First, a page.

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Testing for Grazer Adaptation to Toxic Algae



Co Authors:

Michael B. Finiguerra
Department of Ecology and Evolutionary Biology
University of Connecticut: Avery Point Campus
michael.finiguerra@uconn.edu

Hans G. Dam
Department of Marine Sciences
University of Connecticut
hans.dam@uconn.edu

David E. Avery
Department of Arts and Sciences
Maine Maritime Academy
david.avery@mma.edu

Abstract:

The intent of this interrupted case study is to present a clear example of both the scientific method and evolutionary adaptation in a model system consisting of marine grazers (copepods) and toxic prey (phytoplankton). Briefly, a certain toxic phytoplankton is found only north of Long Island Sound in the United States; however, populations of their copepod grazers are found more extensively from Maine to Delaware. Students will consider whether exposure to toxic phytoplankton among northern grazer populations has led to greater fitness compared to those populations that have never experienced the toxin (i.e., southern populations), and whether the evidence supports adaptation or plasticity. Students will also discuss the broader impacts of adaptation to toxins in marine food webs. A primary aim is to show students how to go from observation and hypothesis to analysis of data. This activity was originally designed for a second year evolutionary biology or ecology course, but can easily be adapted for the evolution section of a general biology course or an upper-level biological oceanography course.

Objectives:
  • Understand how a set of observations leads to an important and testable scientific question.
  • Generate a testable hypothesis.
  • Develop a detailed experimental methodology to test the hypothesis, with emphasis on controls.
  • Determine if the results presented in the case study support the hypothesis, and why.
  • Identify how answering the question (i.e., testing and supporting the hypothesis) leads to additional related scientific questions.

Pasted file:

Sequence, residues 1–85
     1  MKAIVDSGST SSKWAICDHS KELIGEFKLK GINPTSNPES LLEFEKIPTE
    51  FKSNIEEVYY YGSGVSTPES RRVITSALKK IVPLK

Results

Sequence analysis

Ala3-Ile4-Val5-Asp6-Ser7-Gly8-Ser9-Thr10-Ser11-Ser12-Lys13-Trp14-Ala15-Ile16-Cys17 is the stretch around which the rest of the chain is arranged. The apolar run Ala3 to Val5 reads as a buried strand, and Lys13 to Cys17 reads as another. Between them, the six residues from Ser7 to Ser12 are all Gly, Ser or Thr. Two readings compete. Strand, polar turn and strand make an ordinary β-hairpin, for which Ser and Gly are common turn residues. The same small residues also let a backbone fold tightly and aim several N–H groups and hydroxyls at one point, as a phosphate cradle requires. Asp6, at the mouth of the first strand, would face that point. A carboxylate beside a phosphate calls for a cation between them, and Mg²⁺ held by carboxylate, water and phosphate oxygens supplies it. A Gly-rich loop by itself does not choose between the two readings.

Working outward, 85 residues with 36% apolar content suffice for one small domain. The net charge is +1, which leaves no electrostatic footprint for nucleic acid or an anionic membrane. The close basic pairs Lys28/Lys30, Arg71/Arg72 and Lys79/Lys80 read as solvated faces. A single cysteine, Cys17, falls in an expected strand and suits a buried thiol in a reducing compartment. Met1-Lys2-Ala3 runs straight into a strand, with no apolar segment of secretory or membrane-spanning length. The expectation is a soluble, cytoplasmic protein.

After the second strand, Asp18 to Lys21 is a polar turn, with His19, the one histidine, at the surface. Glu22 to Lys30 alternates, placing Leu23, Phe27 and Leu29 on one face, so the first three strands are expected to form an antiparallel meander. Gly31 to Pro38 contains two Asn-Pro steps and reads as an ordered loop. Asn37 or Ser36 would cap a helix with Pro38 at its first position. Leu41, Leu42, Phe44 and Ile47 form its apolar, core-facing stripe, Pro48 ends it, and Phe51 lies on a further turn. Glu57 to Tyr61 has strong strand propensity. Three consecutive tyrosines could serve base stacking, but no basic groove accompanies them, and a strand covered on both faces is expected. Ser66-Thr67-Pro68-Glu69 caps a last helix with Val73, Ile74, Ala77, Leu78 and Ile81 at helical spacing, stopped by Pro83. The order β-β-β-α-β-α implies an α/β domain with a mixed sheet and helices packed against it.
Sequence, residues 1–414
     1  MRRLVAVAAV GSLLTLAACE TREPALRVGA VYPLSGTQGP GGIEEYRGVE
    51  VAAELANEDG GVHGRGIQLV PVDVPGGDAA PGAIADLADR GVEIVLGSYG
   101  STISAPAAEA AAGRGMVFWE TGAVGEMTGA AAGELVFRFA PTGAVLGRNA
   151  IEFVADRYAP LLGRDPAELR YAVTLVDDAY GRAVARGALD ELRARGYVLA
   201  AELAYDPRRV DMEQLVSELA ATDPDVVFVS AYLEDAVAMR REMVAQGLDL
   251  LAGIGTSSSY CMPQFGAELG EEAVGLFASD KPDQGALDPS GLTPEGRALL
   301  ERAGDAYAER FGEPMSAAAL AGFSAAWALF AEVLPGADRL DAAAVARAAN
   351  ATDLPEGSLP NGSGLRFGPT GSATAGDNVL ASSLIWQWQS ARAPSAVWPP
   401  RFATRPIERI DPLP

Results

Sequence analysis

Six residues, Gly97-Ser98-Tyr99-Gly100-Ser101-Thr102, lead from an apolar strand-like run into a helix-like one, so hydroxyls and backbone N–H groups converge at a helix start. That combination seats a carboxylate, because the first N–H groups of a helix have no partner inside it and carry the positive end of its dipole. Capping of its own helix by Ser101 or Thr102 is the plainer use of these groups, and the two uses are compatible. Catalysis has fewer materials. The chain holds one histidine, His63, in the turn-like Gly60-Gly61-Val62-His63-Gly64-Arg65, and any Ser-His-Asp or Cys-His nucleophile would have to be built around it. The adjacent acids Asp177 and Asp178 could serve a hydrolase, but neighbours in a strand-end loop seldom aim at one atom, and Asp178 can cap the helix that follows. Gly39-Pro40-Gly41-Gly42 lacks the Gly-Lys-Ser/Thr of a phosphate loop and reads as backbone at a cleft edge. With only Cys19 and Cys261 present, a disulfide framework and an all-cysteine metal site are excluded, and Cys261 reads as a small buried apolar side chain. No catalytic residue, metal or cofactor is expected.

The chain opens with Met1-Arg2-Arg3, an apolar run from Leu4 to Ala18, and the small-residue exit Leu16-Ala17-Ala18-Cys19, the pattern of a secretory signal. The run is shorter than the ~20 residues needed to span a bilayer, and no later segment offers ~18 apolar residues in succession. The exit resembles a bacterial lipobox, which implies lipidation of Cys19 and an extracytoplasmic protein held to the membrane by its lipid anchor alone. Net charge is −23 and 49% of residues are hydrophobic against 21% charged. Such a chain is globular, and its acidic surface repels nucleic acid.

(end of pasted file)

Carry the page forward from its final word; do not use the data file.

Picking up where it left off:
Keywords: evolution; toxic algae; common garden; food web; copepods; Long Island Sound; paralytic shellfish toxins; PST; harmful algal blooms; HAB; nitrogen; nutrients; phosphorus; red tides
Topical Area: Scientific argumentation
Educational Level: Undergraduate lower division, Undergraduate upper division
Formats: PDF
Type/Method: Interrupted
Language: English
Subject Headings: Biology (General)   Ecology   Evolutionary Biology   Science (General)   Marine Science / Oceanography  
Date Posted: 2/26/2018
Date Modified: N/A
Copyright: Copyright held by the National Center for Case Study Teaching in Science, University at Buffalo, State University of New York. Please see our usage guidelines, which outline our policy concerning permissible reproduction of this work.

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Supplemental Materials


This optional material from Science Friday provides another nice example of rapid adaptation by a fish.

  How Lake Fish Are Coping With Pollution
This brief (~1200 words) excerpt from The Death and Life of the Great Lakes by Dan Egan sets the stage for the podcast below by relating the story of one of the last Great Lakes fisherman who witnesses the adaptation of a fish to Lake Michigan’s polluted ecosystem.
  Can The Great Lakes Stay Great?
Milwaukee journalist Dan Egan joins ecologists for a conversation about the evolution of the lakes and the challenges they’ve faced in the last four decades. Podcast created by Science Friday. Running time: 34:39 min. Date: June 16, 2017.

Videos

The following video(s) are recommended for use in association with this case study.

  The Origin of Species: The Beak of the Finch
This video from HHMI on the Galapagos Finches provides a great example of natural selection and adaptation and can serve as a useful introduction to this case study. Running time: 16:08 min. Produced by HHMI BioInteractive, 2014.




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